Inn at Little Washington recreates ‘greatest party ever thrown’

The facade of the Vaux le Vicomte castle, outside Paris, France. At dusk the castle and garden are illuminated by 2,000 candles to recreate the atmosphere of the festivities held by Nicolas Fouquet on August 17th, 1661 in honor of Louis XIV. In 2018, Patrick O'Connell, chef and proprietor of The Inn at Little Washington, will host a party, channeling Fouquet's, in honor of The Inn's 40th anniversary. (Photo by Pascal Le Segretain/Getty Images)
The facade of the Vaux le Vicomte castle, outside Paris, France. At dusk, the castle and garden are illuminated by 2,000 candles to recreate the atmosphere of the festivities held by Nicolas Fouquet on Aug. 17, 1661, in honor of Louis XIV. In 2018, Patrick O’Connell, chef and proprietor of The Inn at Little Washington, will host a party, channeling Fouquet’s, in honor of The Inn’s 40th anniversary. (Photo by Pascal Le Segretain/Getty Images) (Getty Images/Pascal Le Segretain)
The Inn at Little Washington is known by critics and clientele as one of the most luxurious destinations in the country. But 40 years ago, it was far from fancy. What serves as the main building today was once an old garage with a junkyard on one side and the town dump in the back. (©2012 Gordon Beall/Gordon Beall)
The Inn at Little Washington is known by critics and clientele as one of the most luxurious destinations in the country. But 40 years ago, it was far from fancy. What serves as the main building today was once an old garage with a junkyard on one side and the town dump in the back. (© 2012 Gordon Beall/Gordon Beall) (©2012 Gordon Beall/Gordon Beall)
Patrick O'Connell is the chef and proprietor of the Inn at Little Washington. He's transformed an old auto garage in a small Virginia town into one of the most luxurious destinations in the country. (Gordon Beall) 
Patrick O’Connell is the chef and proprietor of The Inn at Little Washington. He’s transformed an old auto garage in a small Virginia town into one of the most luxurious destinations in the country. In 2018, The Inn is celebrating its 40th anniversary, and O’Connell is pulling out all the stops with three different events. (Gordon Beall) (Gordon Beall)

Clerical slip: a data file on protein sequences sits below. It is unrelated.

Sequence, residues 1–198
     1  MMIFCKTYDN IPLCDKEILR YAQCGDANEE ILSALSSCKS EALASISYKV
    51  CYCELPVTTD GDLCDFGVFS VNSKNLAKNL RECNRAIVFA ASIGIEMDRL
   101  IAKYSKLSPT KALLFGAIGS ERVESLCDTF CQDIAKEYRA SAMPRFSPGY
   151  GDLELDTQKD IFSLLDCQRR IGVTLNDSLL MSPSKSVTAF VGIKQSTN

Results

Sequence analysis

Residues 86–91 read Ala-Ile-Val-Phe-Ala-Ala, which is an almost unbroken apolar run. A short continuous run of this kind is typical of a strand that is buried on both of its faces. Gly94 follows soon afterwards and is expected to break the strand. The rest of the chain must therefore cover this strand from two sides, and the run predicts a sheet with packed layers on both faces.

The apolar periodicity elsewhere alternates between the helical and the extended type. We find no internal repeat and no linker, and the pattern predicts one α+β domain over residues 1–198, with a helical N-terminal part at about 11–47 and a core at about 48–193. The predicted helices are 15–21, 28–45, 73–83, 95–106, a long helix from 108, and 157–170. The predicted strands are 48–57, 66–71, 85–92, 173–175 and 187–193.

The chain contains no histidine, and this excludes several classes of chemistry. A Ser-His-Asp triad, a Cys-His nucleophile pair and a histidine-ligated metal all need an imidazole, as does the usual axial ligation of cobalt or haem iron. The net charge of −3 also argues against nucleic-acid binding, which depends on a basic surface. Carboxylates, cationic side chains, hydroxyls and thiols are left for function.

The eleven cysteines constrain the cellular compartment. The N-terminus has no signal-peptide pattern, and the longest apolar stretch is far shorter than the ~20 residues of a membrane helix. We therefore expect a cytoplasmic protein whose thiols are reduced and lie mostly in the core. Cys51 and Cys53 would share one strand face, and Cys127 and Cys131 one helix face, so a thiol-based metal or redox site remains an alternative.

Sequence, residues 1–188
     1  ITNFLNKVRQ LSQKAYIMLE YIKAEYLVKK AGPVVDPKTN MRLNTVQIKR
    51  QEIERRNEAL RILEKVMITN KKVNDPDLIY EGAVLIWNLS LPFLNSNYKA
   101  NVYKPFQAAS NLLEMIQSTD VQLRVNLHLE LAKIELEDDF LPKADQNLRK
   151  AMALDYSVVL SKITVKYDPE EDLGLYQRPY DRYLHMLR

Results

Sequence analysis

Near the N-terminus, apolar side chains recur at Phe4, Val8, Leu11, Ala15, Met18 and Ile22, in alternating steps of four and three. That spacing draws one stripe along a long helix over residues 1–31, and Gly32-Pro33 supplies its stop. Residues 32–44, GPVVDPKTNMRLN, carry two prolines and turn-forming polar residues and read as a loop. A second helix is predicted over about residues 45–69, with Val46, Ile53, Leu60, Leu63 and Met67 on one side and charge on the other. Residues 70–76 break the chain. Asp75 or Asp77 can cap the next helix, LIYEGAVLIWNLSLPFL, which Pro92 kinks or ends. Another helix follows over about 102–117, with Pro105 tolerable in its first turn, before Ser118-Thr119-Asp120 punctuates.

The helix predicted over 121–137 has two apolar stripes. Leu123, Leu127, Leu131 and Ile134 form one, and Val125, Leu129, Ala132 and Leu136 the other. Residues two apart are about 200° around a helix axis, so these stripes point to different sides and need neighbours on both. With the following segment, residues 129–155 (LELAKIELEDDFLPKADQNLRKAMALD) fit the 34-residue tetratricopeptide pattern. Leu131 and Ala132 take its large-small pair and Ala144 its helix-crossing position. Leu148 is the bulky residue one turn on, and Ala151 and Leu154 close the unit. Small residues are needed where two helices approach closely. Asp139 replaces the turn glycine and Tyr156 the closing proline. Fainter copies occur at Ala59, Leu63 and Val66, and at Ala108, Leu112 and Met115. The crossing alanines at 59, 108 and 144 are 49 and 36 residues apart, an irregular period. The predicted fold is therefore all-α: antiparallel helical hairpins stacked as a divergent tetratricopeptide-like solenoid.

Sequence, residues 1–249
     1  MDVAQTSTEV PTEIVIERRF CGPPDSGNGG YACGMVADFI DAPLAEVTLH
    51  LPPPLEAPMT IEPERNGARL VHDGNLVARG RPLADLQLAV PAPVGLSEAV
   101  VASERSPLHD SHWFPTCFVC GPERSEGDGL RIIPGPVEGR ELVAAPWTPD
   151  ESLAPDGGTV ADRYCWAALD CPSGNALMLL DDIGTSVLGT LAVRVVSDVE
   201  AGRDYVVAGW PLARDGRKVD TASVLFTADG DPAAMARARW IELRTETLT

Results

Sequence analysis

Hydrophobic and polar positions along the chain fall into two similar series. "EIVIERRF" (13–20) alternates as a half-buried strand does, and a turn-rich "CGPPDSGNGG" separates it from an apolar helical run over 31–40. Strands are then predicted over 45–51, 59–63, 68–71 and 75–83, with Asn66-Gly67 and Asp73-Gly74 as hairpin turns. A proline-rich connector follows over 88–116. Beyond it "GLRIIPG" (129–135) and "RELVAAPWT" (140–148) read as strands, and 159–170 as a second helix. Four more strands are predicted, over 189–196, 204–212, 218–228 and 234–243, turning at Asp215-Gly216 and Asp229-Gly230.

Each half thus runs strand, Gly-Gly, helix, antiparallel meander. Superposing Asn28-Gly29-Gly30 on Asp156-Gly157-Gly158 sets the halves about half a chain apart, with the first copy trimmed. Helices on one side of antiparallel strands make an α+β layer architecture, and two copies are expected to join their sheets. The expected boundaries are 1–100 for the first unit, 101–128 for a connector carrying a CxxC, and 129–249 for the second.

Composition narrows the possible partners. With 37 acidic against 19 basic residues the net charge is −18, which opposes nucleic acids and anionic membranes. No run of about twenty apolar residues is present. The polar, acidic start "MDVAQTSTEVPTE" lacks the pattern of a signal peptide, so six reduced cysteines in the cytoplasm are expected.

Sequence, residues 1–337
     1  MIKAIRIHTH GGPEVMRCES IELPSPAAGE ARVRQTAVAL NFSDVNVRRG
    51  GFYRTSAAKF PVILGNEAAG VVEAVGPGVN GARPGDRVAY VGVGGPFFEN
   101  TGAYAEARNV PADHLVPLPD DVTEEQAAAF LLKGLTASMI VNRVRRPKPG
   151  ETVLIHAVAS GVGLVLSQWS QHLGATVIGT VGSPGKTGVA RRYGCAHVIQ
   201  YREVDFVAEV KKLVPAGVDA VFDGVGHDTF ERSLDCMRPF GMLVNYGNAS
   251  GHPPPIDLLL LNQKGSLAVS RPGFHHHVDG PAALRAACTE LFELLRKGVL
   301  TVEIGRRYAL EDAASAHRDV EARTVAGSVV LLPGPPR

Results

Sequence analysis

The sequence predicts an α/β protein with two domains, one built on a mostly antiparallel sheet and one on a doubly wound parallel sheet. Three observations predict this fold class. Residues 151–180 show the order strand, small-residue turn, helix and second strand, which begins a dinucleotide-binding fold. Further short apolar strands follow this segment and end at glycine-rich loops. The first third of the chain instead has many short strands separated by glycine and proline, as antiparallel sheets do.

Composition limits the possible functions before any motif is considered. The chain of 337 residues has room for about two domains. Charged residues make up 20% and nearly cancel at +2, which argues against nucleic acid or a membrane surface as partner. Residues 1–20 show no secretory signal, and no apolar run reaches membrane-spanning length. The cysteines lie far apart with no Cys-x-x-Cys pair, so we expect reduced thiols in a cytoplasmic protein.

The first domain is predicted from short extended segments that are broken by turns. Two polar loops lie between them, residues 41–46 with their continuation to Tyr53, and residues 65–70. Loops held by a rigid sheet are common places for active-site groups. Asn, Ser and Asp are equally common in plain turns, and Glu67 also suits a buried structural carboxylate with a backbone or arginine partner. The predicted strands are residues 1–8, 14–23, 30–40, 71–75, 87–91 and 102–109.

In 2016, The Inn at Little Washington was one of three restaurants in the D.C. area to receive two stars from D.C.'s first Michelin Guide. (Courtesy The Inn at Little Washington)
In 2016, The Inn at Little Washington was one of three restaurants in the D.C. area to receive two stars from D.C.’s first Michelin Guide. (Courtesy The Inn at Little Washington) (Courtesy The Inn at Little Washington )
A photo of a bathroom at The Inn at Little Washington. In the last 40 years, Patrick O'Connell has transformed The Inn from an old auto garage into one of the most luxurious destinations in the country. (Courtesy The Inn at Little Washington)
A photo of a bathroom at The Inn at Little Washington. In the last 40 years, Patrick O’Connell has transformed The Inn from an old auto garage into one of the most luxurious destinations in the country. (Courtesy The Inn at Little Washington) (Courtesy The Inn at Little Washington )
A view from the ballroom at The Inn at Little Washington, located about 70 miles outside of Washington, D.C. (Gordon Beall)
A view from the ballroom at The Inn at Little Washington, located about 70 miles outside of Washington, D.C. (Gordon Beall) (Gordon Beall)
As its reputation grew, so did The Inn’s footprint. Over the last four decades, O’Connell has acquired about 20 buildings in the small town of 133 residents. (WTOP/Rachel Nania) (WTOP/Rachel Nania)
PARIS - AUGUST 21:  Tourists enjoy a visit by candlelight at the Vaux le Vicomte castle on August 21, 2010 in Maincy, outside Paris, France.  At dusk the castle and garden are illuminated by 2000 candles to recreate the atmosphere of the sumptious festivities held by Nicolas Fouquet on August 17th, 1661 in honour of Louis XIV.  (Photo by Pascal Le Segretain/Getty Images)